The Australian Federal Budget for 2018-19 was handed down on 8 May 2018. After a higher than expected growth rate of 4.25% (given a forecast of 3.5%), the budget seeks to distribute a $26 billion windfall - in the form of expenditure programs and a range of tax adjustments.
In more detail, the budget’s changes to the tax system are as follows:
Low and Middle Income Tax Offset: The budget introduces a new ‘Low and Middle Income Tax Offset’ - in addition to the existing Low Income Tax Offset - which will result in a potential combined offset of up to $975 per year for some taxpayers. The tax offsets apply to wage brackets as follows:
- $200 offset for taxable incomes up to $37,000.
- Up to $530 offset for taxable incomes between $37,000 and $48,000 - starting at $200 and increasing three cents per dollar to $530.
- $530 offset for taxable incomes between $48,000 and $90,000.
- The offset applies to incomes between $90,000 and $125,333 - but phases out at a rate of 1.5 cents per dollar.
Offsets are not refundable and are determined when employees lodge tax returns.
Tax brackets: The budget proposes to adjust and simplify existing PAYG tax brackets, by extending the 32.5% rate as a flat tax for incomes between $41,000 and $200,000. The changes come into effect from 1 July 2018, through to 1 July 2024.
- The 19% tax rate limit will increase from $37,000 to $41,000 from 1 July 2022.
- The 32.5% tax rate limit will increase from $87,000 to $90,000 from 1 July 2018, to $120,000 from 1 July 2022, and to $200,000 from 1 July 2024.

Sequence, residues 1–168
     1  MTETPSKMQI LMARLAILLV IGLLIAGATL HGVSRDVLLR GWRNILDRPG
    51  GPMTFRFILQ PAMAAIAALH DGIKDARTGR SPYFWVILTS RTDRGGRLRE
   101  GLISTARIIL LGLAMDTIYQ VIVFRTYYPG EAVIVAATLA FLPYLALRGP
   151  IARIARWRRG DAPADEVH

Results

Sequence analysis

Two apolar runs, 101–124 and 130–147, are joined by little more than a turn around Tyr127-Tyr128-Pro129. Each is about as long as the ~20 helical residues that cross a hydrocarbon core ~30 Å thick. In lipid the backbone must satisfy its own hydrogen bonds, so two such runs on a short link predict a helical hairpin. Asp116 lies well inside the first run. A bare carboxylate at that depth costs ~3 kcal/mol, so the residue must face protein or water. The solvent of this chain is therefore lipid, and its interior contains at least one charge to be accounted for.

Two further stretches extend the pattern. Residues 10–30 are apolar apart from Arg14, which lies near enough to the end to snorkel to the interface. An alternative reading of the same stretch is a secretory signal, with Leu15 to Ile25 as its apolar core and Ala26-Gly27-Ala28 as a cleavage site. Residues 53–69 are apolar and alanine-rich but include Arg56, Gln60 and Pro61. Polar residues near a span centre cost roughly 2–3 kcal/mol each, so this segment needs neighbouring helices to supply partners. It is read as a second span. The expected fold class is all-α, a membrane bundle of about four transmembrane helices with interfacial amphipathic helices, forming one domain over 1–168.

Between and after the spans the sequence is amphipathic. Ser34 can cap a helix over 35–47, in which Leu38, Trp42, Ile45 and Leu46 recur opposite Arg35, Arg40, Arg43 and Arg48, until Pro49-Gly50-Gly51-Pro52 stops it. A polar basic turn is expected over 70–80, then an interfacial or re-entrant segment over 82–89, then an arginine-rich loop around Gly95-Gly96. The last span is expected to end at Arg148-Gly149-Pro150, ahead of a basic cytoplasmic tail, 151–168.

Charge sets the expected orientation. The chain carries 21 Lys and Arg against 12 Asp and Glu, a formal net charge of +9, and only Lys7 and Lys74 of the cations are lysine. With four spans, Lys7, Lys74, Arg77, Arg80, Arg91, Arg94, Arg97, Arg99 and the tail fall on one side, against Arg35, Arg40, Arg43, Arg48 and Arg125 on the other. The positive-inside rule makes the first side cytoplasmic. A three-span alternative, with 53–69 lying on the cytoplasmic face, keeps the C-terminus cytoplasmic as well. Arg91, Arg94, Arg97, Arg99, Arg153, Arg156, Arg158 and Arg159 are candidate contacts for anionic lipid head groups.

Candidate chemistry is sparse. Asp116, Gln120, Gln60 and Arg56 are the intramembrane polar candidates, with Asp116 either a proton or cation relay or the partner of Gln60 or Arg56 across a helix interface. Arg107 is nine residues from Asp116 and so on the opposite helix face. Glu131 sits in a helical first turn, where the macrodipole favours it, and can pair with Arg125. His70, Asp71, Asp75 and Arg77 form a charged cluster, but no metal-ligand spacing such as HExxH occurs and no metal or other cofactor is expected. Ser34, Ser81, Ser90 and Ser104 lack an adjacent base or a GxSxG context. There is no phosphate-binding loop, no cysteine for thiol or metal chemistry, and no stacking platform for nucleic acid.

- The 45% tax rate limit (the highest rate) will increase from $180,000 to (income exceeding) $200,000 from 1 July 2024.
Medicare Levy: A proposed 0.5% increase in the Medicare Levy for 1 July 2018 will not be enforced.
Higher Education Loan Repayments: Effective 1 July 2018, the threshold for the repayment of student loans will be lowered - from $51,957 to $42,000.
Minimum wage review: Effective 1 June 2018, Australia’s minimum wage increased by 3.5%. The national minimum now stands at $719.20 per week ($18.30 per hour).
Superannuation: The cap for concessional superannuation contributions remains set at $25,000 for 2018-2019. The cap for non-concessional contributions however, is raised from $180,000 to $100,000.
The government announced that the Superannuation Guarantee Charge (SGC) will be increased to 12% by 2025-26. The maximum super contributions base for a given income year has been raised to $54,030 (from $52,760) for 2018-19.
Employment termination payments (ETP):
- The cap amounts for both life benefit termination, and death benefit termination payments have been raised to $205,000 (from $200,000).
- The base limit for genuine redundancy and early retirement scheme payments has risen to a $10,399 (from $10,155) - while the limit for payments for each completed year of service has risen to $5,200 (from $5,078).
Payroll Tax thresholds: The budget sets the following payroll tax thresholds for Australia’s states and territories:
For more information about Australia’s tax and payroll landscape, browse activpayroll's Australia Global Insight Guide.